More than a dozen leading internet companies, including Twitter, Ebay, Linkedin and Airbnb, have taken legal action in support of Apple in its phone encryption battle with the FBI.
A total of 17 companies filed a combined legal brief backing Apple's resistance of demands it should help investigators access an encrypted iPhone belonging to one of the San Bernardino killers.
A separate group led by Google, Facebook, Microsoft and several other Internet and technology companies are also understood to be due to file a joint legal brief asking a judge to support Apple.
Briefs are also expected in support of the US government in the dispute.
Investigators at the FBI want Apple to disable some of its passcode protection to enable them to access gunman Rizwan Farook's phone.
The FBI's demands for Apple to help access a dead gunman's phone are unconstitutional and put millions at risk, the tech giant warns.Read the full story ›
Tim Cook said complying with a court order to break into one of the San Bernardino attacker's phone would be "bad for America".Read the full story ›
Apple's boss says that the FBI should withdraw its demand to hack into a gunman's iPhone, insisting the request sets a dangerous precedent.Read the full story ›
Some of the victims of the San Bernardino attack will file a legal brief in support of the US government's attempt to force Apple to unlock the encrypted iPhone belonging to one of the shooters, their lawyer told Reuters.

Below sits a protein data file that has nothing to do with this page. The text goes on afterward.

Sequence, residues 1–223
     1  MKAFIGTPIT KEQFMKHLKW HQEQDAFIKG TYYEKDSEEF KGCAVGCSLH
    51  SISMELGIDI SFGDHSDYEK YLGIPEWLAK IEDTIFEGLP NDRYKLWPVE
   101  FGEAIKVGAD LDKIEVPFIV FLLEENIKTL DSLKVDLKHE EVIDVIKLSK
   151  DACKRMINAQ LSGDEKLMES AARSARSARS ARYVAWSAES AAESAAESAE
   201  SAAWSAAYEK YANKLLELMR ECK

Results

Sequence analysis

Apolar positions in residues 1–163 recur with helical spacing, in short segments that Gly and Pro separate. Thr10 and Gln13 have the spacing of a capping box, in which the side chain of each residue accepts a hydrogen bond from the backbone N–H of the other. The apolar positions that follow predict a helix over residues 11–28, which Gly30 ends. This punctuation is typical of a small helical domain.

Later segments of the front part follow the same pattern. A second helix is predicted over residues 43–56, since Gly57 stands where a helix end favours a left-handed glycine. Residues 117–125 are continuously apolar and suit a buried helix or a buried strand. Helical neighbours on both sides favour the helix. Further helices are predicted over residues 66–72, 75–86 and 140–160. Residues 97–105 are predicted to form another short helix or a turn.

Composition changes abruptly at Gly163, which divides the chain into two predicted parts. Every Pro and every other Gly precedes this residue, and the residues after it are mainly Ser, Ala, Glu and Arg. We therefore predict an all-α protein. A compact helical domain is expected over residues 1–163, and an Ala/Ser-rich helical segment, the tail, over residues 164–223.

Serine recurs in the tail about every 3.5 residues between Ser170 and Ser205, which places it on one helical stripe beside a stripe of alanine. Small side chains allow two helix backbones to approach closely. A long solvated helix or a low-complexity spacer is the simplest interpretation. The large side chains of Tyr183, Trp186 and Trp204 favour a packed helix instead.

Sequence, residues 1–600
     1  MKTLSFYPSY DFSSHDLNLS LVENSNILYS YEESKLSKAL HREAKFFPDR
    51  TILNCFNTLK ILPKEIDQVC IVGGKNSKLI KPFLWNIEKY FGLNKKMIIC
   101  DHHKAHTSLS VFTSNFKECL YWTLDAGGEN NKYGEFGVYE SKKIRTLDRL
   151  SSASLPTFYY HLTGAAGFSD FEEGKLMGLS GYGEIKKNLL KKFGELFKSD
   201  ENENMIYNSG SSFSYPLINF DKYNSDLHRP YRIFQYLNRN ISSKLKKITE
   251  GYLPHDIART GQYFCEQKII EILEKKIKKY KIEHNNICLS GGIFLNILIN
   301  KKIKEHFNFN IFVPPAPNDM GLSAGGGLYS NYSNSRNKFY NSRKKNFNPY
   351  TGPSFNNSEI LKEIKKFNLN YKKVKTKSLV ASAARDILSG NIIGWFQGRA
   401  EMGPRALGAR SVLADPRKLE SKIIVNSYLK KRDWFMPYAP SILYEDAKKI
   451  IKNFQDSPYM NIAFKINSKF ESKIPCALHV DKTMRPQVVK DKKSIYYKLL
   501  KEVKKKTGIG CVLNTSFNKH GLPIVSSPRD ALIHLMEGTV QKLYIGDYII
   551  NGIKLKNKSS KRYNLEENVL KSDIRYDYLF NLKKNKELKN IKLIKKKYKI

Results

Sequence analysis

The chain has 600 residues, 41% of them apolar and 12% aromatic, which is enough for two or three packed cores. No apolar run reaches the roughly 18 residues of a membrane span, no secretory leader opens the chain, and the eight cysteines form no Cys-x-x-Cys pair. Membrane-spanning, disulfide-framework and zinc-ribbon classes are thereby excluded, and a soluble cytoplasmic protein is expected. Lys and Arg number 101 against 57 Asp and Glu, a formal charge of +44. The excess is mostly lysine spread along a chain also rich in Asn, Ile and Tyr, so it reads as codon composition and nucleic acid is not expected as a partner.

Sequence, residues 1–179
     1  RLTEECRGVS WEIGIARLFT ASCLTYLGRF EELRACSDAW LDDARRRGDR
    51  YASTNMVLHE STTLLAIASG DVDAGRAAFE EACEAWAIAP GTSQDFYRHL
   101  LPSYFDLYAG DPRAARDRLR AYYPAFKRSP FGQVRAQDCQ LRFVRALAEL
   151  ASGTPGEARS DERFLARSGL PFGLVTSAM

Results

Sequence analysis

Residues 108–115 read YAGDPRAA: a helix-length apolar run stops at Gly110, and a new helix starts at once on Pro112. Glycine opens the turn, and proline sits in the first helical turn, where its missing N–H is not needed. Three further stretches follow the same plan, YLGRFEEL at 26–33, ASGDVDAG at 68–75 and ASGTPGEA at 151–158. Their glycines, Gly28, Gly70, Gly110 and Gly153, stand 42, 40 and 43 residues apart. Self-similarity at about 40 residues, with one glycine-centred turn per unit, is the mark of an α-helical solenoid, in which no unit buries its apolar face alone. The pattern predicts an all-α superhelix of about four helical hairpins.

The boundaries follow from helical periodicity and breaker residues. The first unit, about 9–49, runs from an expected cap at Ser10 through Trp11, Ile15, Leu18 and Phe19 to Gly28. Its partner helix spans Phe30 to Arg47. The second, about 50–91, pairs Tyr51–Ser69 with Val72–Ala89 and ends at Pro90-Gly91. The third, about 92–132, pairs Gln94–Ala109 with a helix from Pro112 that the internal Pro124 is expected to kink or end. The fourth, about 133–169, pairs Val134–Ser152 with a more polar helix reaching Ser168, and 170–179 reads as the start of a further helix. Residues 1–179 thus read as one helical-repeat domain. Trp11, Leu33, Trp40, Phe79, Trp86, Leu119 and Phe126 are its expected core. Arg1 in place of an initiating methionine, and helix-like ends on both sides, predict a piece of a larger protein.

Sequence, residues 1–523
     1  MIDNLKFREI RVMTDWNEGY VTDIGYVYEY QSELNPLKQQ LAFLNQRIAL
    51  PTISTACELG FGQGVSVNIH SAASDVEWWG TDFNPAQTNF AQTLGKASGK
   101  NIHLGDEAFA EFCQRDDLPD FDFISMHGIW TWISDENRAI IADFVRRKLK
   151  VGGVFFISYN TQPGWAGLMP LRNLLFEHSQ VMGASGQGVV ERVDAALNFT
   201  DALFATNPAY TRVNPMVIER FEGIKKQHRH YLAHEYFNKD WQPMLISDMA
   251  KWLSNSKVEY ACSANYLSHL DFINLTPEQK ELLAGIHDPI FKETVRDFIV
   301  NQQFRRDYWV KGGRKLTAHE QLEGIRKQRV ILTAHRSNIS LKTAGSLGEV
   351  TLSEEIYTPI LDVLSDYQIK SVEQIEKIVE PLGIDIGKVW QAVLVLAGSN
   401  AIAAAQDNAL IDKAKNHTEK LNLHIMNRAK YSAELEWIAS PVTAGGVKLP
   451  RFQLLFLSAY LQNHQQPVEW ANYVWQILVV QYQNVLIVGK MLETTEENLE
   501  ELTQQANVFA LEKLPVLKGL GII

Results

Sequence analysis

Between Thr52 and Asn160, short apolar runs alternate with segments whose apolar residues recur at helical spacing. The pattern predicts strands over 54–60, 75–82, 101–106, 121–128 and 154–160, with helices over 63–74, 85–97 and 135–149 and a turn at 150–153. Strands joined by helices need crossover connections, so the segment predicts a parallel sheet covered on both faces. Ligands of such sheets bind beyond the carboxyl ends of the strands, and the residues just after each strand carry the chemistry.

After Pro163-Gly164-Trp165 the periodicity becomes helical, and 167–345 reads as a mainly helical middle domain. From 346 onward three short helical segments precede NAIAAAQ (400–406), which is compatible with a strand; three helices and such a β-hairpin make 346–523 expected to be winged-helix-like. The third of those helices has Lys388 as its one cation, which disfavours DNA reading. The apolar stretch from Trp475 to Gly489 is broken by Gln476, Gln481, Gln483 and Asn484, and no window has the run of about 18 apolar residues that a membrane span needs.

Apple has vowed to fight a court order requesting that it help FBI investigators break into a phone used by one of the San Bernardino killers.
Farook, 28, and Tashfeen Malik, 27, killed 14 people and injured 21 others in an attack on an office Christmas party in the city of San Bernadino, in California.
Lawyer Stephen Larson told Reuters: "They were targeted by terrorists, and they need to know why, how this could happen."
The brief is expected to be filed by early March. Larson declined to say how many victims he represents.
The US government is seeking a court order in a bid to compel Apple to assist in the unlocking of the San Bernardino shooter's iPhone.
Earlier this week Apple's CEO Tim Cook said assisting the FBI would set a "dangerous precedent" and would lead to the creation of a "backdoor" into millions of iPhones worldwide.
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